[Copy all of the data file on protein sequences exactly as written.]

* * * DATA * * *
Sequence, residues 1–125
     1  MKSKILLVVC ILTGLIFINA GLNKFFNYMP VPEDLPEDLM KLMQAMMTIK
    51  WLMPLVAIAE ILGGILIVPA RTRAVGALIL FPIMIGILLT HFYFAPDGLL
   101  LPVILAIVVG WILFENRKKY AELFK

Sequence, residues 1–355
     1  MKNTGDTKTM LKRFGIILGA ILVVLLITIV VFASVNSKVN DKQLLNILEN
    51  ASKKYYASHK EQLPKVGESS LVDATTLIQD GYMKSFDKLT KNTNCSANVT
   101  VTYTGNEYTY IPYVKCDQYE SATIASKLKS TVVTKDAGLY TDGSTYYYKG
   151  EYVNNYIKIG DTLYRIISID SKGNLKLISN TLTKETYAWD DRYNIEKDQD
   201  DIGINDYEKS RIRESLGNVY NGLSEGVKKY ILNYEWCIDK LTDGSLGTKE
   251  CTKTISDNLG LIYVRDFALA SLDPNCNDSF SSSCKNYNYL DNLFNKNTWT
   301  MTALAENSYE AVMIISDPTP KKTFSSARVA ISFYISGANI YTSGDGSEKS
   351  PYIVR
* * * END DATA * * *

Sequence, residues 1–125
     1  MKSKILLVVC ILTGLIFINA GLNKFFNYMP VPEDLPEDLM KLMQAMMTIK
    51  WLMPLVAIAE ILGGILIVPA RTRAVGALIL FPIMIGILLT HFYFAPDGLL
   101  LPVILAIVVG WILFENRKKY AELFK

Sequence, residues 1–355
     1  MKNTGDTKTM LKRFGIILGA ILVVLLITIV VFASVNSKVN DKQLLNILEN
    51  ASKKYYASHK EQLPKVGESS LVDATTLIQD GYMKSFDKLT KNTNCSANVT
   101  VTYTGNEYTY IPYVKCDQYE SATIASKLKS TVVTKDAGLY TDGSTYYYKG
   151  EYVNNYIKIG DTLYRIISID SKGNLKLISN TLTKETYAWD DRYNIEKDQD
   201  DIGINDYEKS RIRESLGNVY NGLSEGVKKY ILNYEWCIDK LTDGSLGTKE
   251  CTKTISDNLG LIYVRDFALA SLDPNCNDSF SSSCKNYNYL DNLFNKNTWT
   301  MTALAENSYE AVMIISDPTP KKTFSSARVA ISFYISGANI YTSGDGSEKS
   351  PYIVR